A Minimalist Charter of Rights for Australia: The U.K. Or Canada as a Model?
23 Pages Posted: 11 Dec 2009
Date Written: December 8, 2009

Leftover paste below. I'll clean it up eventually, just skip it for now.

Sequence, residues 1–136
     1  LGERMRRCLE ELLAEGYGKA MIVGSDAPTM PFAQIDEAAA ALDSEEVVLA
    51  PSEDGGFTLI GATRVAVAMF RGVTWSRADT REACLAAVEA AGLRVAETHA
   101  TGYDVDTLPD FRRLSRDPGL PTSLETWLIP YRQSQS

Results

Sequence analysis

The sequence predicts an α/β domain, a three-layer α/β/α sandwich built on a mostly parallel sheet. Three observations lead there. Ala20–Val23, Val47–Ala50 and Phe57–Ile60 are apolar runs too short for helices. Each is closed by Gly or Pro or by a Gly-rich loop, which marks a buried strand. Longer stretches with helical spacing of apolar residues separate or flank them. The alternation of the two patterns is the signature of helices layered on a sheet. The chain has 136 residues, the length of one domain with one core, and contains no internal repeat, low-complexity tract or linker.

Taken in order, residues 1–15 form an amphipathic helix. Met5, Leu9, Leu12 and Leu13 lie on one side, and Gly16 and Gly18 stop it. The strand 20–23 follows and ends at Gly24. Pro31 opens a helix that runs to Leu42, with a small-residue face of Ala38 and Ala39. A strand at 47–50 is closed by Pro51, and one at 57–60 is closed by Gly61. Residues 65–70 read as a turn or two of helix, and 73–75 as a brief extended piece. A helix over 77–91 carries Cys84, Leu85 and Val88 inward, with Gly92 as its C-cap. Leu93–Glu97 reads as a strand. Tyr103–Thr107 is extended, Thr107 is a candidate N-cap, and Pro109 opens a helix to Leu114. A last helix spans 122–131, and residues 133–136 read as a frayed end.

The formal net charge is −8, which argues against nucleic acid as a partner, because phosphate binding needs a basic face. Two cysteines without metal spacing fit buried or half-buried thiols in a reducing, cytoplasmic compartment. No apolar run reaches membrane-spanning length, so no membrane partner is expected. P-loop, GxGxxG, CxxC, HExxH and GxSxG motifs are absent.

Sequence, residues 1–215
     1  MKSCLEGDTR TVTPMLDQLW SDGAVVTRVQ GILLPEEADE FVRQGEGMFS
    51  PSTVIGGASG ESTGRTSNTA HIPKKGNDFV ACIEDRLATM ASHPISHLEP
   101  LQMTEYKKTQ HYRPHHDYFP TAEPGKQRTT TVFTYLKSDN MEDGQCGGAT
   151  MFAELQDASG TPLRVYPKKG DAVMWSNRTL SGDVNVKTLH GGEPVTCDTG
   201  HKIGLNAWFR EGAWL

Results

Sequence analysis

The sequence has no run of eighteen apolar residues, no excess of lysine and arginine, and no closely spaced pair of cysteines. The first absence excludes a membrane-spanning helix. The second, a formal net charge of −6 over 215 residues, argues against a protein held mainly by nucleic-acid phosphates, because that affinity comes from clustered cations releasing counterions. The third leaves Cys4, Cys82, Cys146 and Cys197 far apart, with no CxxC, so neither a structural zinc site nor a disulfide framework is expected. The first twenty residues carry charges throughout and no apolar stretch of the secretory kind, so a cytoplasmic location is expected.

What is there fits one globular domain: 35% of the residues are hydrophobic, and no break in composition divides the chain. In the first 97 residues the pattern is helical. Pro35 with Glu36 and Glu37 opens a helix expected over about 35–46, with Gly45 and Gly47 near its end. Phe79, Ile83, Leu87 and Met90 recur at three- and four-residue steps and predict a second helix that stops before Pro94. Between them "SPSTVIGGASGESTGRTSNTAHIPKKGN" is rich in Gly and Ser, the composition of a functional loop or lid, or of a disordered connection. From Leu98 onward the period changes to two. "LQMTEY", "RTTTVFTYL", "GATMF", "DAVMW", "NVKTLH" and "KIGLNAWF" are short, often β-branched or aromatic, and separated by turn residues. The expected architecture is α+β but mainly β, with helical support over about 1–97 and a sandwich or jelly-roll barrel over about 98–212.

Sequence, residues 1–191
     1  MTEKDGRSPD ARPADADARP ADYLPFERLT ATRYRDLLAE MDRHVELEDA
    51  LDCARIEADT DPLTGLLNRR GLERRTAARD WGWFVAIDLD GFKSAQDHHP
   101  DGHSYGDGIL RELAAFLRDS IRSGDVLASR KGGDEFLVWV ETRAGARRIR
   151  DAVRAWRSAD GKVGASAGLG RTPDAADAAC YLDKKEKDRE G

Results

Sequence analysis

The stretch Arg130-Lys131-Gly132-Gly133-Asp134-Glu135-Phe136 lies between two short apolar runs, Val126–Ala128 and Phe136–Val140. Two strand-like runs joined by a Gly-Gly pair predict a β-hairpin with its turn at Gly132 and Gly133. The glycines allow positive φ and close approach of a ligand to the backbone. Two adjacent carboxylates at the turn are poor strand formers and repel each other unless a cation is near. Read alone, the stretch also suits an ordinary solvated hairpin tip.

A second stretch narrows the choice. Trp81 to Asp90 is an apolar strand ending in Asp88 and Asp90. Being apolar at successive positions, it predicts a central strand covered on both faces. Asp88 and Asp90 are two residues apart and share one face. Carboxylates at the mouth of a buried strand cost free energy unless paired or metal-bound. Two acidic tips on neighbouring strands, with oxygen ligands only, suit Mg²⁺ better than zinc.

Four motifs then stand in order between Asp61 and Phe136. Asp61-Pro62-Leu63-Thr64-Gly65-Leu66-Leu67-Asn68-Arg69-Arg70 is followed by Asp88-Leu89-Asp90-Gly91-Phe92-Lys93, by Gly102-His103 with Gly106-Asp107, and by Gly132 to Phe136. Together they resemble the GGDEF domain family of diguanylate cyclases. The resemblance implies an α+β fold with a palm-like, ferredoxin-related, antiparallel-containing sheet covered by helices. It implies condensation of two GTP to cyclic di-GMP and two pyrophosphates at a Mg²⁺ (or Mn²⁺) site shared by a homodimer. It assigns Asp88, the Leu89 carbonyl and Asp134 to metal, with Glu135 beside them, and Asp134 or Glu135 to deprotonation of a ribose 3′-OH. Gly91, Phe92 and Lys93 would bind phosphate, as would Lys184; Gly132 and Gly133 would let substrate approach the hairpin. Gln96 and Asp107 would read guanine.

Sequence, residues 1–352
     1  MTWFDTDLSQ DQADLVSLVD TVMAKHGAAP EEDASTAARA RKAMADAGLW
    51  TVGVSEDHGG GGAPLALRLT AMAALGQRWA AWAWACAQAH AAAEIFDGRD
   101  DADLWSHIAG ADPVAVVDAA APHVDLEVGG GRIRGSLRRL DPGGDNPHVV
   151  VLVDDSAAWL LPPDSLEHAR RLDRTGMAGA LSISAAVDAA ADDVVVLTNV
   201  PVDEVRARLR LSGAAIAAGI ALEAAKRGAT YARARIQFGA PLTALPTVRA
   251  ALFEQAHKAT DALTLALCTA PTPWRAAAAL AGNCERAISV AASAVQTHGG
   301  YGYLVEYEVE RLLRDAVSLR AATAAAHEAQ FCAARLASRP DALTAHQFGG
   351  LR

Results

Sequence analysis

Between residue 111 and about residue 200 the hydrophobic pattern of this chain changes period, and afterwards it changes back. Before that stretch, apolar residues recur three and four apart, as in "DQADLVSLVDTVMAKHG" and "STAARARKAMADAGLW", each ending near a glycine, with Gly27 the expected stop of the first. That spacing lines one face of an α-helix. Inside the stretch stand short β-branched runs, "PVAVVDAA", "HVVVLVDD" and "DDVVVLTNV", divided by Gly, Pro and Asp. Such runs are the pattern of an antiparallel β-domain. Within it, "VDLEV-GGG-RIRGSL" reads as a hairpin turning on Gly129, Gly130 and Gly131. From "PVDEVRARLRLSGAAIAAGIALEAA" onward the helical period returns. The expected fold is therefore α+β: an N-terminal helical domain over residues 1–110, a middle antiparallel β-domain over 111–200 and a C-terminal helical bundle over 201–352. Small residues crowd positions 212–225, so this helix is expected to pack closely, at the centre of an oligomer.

A lively debate is currently occurring in Australia as to whether to adopt a comprehensive charter of rights at the national level, and if so, what form it should take. Two principal options are also under consideration, namely a charter modeled on the Human Rights Act 1998 (UK), or the Canadian Bill of Rights, SC 1960 c. 44 ('CBOR'). This article argues for the latter, Canadian-style model of statutory rights charter on the basis that, in substance, it involves the more minimalist form of constitutional change. Contrary to the current orthodoxy in Australia, the article suggests that a British-style charter directly undermines the likelihood that the Court will interpret statutes in a way that leaves scope for legislative response to court decisions, and therefore also the chances of maintaining the current balance between the High Court and Australian Parliament when it comes to the protection of individual rights. In Australia, this danger of statutory distortion will also be even more acute, it suggests given the doubts surrounding the constitutionality of the High Court's issuing, or hearing appeals against the grant of, certain UK-style weak-form remedies. By contrast, whether modeled on either the CBOR or the later more entrenched Canadian Charter, a Canadian-style rights model of strong judicial remedies is both more likely in the first place to deliver the 'true value' of statutes and also to be unaffected by the difficulties and doubts created by Ch III of the Constitution. Accordingly, it is also substantially less likely than a UK-style rights charter to lead to a form of de facto strong rather than weak or dialogic judicial review. On purely minimalist criteria, the article argues, a Canadian-style rights charter modeled on the CBOR therefore clearly dominates a British-style charter, so that if a British-style charter is to be defended as a preferred charter model in Australia, it cannot be on minimalist grounds alone.
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